To bundle or not to bundle?
By Top Crop Manager
Consider agronomics when making crop input decisions.
There is no doubt that crop input rebates can add up. The manufacturer rebates can add up to $5 per acre or more, depending on the amount of seed, seed treatment, insecticides, herbicides and fungicides a farmer might use over the course of the year. For growers cropping 4000 acres that could mean a cheque for $20,000 – and it is usually delivered just before Christmas.
|Good agronomics are important when considering the financial impact of bundles. Photo Courtesy Of Arysta LifeScience.|
“The cash is hard to ignore, especially for wheat growers who can only deliver 25 percent of the wheat with the first contract call. It’s like cash flow for them in the late fall,” says Steve Larocque, an independent crop consultant at Three Hills, Alberta. His company is called Beyond Agronomy and he works with a group of farmers in central Alberta to develop agronomic programs and solutions to crop production problems. Bundles are an irritant that he has to deal with.
The challenge with bundles is they may force a grower into a corner, especially with pesticide resistance. Larocque says that growers with wheat dominant rotations are more at risk, because they typically grow canola and then several years of wheat. This rotation relies on an in-crop wild oats herbicide, and since most bundles do not have anything but a Group 1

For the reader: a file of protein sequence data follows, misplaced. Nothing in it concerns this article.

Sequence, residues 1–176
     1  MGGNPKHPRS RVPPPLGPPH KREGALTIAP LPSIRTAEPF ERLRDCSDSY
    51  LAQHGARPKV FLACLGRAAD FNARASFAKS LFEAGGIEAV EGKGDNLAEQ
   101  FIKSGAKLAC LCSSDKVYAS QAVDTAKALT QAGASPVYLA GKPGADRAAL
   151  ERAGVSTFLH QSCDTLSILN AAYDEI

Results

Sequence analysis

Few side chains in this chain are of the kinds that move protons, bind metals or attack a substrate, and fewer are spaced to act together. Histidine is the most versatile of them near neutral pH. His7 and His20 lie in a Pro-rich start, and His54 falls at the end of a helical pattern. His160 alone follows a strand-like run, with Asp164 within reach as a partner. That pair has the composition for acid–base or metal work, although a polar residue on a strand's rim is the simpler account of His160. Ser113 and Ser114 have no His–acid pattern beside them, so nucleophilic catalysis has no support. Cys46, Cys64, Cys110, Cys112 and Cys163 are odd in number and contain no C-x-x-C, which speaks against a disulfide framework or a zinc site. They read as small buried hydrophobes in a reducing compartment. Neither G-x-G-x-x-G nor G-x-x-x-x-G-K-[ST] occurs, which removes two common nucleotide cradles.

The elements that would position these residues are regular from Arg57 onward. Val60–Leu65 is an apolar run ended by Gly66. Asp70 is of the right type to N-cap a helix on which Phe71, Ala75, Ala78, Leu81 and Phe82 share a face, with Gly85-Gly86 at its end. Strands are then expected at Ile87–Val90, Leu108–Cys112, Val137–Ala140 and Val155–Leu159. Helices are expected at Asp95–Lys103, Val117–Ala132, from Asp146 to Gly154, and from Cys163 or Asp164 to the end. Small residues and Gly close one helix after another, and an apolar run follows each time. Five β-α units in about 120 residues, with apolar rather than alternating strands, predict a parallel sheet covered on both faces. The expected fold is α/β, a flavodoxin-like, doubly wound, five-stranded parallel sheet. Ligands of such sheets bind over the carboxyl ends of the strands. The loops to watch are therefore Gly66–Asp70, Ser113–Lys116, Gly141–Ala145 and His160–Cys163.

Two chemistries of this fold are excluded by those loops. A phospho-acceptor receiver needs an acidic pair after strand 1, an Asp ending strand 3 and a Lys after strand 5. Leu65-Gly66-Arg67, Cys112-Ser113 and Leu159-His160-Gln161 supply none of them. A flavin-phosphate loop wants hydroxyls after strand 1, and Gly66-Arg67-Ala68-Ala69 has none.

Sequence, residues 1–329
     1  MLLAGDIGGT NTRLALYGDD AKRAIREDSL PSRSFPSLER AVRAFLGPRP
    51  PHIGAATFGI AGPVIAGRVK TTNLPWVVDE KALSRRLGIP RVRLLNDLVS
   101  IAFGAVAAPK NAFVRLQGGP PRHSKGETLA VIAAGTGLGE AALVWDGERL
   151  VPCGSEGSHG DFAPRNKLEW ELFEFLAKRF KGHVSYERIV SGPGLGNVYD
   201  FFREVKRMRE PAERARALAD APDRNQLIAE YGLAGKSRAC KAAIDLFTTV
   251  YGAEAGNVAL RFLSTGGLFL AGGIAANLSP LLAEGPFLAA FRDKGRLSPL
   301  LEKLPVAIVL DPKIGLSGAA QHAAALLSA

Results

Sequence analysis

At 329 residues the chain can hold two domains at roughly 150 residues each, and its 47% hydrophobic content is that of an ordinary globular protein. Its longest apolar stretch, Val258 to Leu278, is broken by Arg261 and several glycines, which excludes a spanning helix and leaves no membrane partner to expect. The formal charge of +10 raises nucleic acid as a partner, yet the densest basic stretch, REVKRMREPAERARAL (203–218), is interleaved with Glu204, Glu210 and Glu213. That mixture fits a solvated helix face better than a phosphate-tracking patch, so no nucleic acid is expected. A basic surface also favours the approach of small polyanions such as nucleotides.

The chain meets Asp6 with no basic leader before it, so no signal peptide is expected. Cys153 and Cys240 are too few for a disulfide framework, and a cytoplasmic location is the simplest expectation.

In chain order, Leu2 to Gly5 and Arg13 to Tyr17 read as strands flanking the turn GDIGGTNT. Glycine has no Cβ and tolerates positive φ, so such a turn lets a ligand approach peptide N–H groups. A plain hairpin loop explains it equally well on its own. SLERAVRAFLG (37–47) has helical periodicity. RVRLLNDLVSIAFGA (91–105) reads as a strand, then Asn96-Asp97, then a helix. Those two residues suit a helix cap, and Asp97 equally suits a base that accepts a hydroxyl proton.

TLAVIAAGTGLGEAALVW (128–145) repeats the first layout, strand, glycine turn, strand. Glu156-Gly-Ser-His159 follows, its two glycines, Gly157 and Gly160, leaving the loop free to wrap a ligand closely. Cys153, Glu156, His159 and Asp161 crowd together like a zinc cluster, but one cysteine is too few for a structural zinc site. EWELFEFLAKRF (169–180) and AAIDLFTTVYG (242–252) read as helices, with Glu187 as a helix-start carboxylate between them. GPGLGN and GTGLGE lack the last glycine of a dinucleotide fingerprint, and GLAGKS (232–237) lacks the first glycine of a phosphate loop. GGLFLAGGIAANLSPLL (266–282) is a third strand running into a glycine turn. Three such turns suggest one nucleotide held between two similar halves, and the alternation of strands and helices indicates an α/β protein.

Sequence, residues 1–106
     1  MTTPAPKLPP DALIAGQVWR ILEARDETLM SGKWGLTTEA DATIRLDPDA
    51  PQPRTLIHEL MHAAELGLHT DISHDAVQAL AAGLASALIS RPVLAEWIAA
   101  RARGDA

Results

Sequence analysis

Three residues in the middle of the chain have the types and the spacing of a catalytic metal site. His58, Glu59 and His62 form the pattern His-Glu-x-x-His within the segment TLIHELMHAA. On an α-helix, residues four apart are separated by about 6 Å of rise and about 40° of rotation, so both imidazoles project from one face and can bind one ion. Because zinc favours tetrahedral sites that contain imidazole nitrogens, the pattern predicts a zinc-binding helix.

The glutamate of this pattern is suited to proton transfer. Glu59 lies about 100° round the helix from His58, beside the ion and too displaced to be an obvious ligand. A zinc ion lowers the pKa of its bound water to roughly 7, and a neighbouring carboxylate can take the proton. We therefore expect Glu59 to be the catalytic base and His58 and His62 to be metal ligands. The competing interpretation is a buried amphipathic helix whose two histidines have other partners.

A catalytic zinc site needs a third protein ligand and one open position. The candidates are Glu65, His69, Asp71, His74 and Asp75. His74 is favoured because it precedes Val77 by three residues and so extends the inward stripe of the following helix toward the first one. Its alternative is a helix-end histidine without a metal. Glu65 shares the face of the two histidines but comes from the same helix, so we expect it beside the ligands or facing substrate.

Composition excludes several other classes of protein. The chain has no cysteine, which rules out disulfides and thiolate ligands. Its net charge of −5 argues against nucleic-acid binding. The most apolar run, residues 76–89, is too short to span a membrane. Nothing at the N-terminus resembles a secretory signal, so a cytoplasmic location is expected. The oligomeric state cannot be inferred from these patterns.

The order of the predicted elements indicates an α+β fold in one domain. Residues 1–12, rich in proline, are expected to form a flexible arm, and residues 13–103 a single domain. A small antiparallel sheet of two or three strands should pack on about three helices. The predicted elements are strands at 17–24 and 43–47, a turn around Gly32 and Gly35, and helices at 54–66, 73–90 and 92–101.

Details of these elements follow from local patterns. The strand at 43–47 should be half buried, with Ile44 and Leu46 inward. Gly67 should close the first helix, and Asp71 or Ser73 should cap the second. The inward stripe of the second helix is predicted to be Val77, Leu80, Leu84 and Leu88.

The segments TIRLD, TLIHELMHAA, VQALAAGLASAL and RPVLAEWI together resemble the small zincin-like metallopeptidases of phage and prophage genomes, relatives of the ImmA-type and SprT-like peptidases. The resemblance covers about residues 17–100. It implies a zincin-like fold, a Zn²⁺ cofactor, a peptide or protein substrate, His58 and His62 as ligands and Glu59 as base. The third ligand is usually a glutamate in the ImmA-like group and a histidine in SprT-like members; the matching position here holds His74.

herbicide in their program for wheat, the risk is that Group 1 resistant wild oats populations may build up.
“The quandary that growers are put into is that if they select a Group 2 wild oats herbicide, they might be cutting themselves out of several thousands of dollars,” says Tony Zatylny, herbicide product manager with Arysta LifeScience at Calgary, Alberta. “It’s a tough decision, but agronomics have to take precedence over the long-term.”
Add a tight crop rotation and a large acreage farm into the mix, and the resistance to changing up herbicides is often great. Managing bundles comes down to knowing what is in the field and the field history. “For weed management, that means proper field scouting and good herbicide records,” explains Zatylny.
Larocque says seed treatments can be a problem with bundles, since some companies have just one seed treatment group. Used year after year, there is a possibility a pathogen that causes root rot could build up resistance to that seed treatment. Provincial Crop Protection Guides recommend rotating fungicide groups. Growers should consider rotating seed treatments and foliar applications between different groups.
Insecticide treatments could also suffer due to bundles. Some insecticides work better at lower temperatures while others work best at higher temperatures. As a result, the insecticide chosen is dependent on the time of day and the temperature, and might even change from hour to hour. That is no time to be making decisions based on rebates, since poor control could cost a lot more than a dollar per acre. And insecticides should also be rotated to prevent resistance build-up. “If you choose a seed treatment, herbicide, insecticide and a fungicide based on a program, you now could have sacrificed four areas of agronomy,” says Larocque.
Larocque says growers can often save as much money as they get on rebates by purchasing early. “If you look around at the end of the year in December, there can be some pretty good deals on pesticides. The money saved can be pretty significant and then you aren’t compromising the agronomics. It just takes some planning, knowing what is in your field and having the cash flow in the fall to take advantage of those discounts when they come up. That’s what I encourage my clients to do as much as possible.” -end-
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